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What Tools do Translution Provide to Improve Machine Translation quality?

Included in all Translution Products are the following tools:

  • User Specific Dictionaries
    We each use words and phrases that, to us, have particular meanings. Examples of this are parts lists, where a specific translation is required for an individual part description. You can set up your own User Specific Dictionary which controls how Translution Central handles the translation of those specific words.
  • Departmental Specific and Corporate Specific Dictionaries
    With Translution Business and Translution Corporate your organisation will be able to develop its own Dictionaries which determine how specific words are translated and which can be shared with the whole organisation.
  • Handling Words that should not be translated
    There are some words that you won't want translated; for example your address or a proper name. Translution allows you to mark up text within a specific document that you do not want translated. It also supports Do Not Translate lists i.e. words which you or your organisation would never want translated.
    Note: Recent research undertaken by Professor Tony Hartley of the University of Leeds shows that implementing Do Not Translate lists improves local translation accuracy by, on average, 23%. (Ref: Improving Machine Translation Quality with Automatic Named Entity Recognition, EAMT Workshop at EACL 2003 Budapest 13 April 2003).
  • Handling "Not Found" Words
    Machine Translation (MT) engines are usually supplied with dictionaries of the most common words used in a language. However no MT engine could possibly include all the words in a language, particularly "rich" languages such as English, French and German. Until these words are translated and added to the dictionaries of MT engines held centrally, they will not be recognised by the translation engines and will simply pass through un-translated.
    As part of its ongoing commitment to improve translation quality, Translution collects and analyses all Not Found Words generated by all users and, after researching them, continuously adds selected new words to its dictionaries. In this way overall quality of translation will be improved for all users of Translution products.
  • Managing Already Translated Text
    It is essential that already translated text is not re-translated as this reduces overall translation quality. This is important, particularly when replying to or forwarding emails across language barriers. Translution ensures this does not happen by always including the original text with the translated text, and by identifying already translated text in email replies and forwarded messages.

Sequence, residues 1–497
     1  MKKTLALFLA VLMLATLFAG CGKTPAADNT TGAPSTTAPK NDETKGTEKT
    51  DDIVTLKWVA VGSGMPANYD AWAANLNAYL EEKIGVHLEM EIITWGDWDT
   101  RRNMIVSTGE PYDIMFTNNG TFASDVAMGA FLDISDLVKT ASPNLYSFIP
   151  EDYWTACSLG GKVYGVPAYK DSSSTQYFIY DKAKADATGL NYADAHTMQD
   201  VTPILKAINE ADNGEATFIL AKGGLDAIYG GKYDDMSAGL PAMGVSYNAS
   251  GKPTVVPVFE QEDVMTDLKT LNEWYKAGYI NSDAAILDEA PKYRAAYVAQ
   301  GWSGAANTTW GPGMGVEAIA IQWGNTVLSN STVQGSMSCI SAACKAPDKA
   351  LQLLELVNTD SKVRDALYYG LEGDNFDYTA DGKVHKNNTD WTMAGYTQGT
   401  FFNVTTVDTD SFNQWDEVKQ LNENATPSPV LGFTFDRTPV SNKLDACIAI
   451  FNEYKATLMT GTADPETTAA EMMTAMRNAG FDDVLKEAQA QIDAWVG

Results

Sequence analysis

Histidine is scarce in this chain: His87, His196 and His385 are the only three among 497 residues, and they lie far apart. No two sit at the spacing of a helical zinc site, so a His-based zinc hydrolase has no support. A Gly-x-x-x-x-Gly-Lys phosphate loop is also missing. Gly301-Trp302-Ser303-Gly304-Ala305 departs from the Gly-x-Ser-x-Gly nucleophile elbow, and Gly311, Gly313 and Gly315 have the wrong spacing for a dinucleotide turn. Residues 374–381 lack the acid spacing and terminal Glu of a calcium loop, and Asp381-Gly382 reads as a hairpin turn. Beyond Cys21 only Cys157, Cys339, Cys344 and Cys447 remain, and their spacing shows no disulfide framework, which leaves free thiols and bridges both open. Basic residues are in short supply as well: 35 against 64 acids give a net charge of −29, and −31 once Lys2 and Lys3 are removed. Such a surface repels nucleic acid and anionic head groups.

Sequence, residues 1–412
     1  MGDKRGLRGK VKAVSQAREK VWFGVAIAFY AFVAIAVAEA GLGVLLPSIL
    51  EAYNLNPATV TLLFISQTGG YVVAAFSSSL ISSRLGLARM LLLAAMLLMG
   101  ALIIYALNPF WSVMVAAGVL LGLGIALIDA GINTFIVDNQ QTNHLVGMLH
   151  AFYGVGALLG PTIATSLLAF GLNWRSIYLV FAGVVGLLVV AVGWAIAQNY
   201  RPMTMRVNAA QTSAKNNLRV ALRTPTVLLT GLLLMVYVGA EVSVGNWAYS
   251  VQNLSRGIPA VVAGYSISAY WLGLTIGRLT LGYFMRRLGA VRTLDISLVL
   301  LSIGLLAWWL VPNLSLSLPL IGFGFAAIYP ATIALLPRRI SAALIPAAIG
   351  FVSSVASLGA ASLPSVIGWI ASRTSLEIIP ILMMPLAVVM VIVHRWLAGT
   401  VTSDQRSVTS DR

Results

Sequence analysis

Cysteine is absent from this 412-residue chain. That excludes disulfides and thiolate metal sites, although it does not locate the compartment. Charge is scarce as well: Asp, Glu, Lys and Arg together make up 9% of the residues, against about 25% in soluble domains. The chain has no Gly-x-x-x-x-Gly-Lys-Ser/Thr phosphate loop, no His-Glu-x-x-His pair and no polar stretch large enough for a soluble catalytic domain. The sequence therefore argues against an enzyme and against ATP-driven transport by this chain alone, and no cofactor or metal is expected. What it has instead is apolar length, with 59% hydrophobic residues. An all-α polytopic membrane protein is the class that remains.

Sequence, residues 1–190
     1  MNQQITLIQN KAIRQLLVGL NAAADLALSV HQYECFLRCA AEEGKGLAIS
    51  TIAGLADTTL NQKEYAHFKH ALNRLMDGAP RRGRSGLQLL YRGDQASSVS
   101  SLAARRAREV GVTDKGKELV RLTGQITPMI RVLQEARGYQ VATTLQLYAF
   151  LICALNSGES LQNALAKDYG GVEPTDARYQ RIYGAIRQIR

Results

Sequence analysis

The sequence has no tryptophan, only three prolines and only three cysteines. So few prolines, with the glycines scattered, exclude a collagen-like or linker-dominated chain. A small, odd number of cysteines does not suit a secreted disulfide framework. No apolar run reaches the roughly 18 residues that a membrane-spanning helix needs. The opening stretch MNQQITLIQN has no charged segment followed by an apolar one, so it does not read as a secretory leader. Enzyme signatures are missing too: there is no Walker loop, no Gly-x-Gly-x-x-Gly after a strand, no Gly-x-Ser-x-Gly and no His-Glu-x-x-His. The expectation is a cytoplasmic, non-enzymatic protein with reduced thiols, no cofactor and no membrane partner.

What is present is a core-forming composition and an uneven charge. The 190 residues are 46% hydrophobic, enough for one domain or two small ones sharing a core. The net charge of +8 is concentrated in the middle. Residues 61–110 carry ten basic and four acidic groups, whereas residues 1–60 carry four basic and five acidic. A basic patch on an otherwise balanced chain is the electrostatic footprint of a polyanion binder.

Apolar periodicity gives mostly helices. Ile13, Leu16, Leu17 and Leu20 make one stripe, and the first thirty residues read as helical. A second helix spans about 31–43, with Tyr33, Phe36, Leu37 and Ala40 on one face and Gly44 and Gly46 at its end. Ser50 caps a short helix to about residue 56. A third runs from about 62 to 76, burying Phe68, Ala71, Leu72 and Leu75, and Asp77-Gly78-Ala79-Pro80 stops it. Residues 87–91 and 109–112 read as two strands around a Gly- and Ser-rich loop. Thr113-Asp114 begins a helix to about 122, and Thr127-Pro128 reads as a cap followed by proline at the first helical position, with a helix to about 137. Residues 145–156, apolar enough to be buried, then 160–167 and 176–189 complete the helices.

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Translution's Quality Mission

  • License the best available machine translation (MT) technologies for specific language combinations rather than relying on a single MT engine.
    We used the services of the Centre for Translation Studies at Leeds University under Professor Tony Hartley to evaluate five of the leading MT engines, including a statistical MT system, and have chosen the best of these to support our initial five European languages.
  • Integrate and use multiple MT engines to provide (eventually) a wider range of languages and combinations than has been available previously.
    Currently we only use one single MT. However we are planning to introduce additional languages and language combinations which will require investment in new MT engines.
  • Keep pace with Machine Translation technology change as it improves.
    MT technology will improve dramatically over the next few years and Translution will be at the forefront of these developments.
    We have already evaluated statistical Machine Translation as it holds the promise that dramatic improvements in machine translation can be achieved. Unfortunately, today, for general purposes, this technology does not deliver any improvement in translation over the rules based systems we use. We are however continuing to work closely with Statistical MT suppliers, and when the benefits can be demonstrated, we will integrate their technology.
  • Provide additional tools to improve overall quality for all our users.
    Our products include a number of tools that have been demonstrated to significantly improve translation quality, and more are planned. They have been designed with the non-linguist in mind but are suitable for use by professional linguists too.
  • Provide additional dictionaries and other content to improve translation quality.
    We have already started to build two additional resources for the benefit of all our users. The first resource will hold words and phrases that have not been correctly translated or are not in the dictionaries used by our MT engines. The second resource includes a number of common idiomatic expressions. We are also currently working on other dictionaries and linguistic resource to improve overall quality for all our users.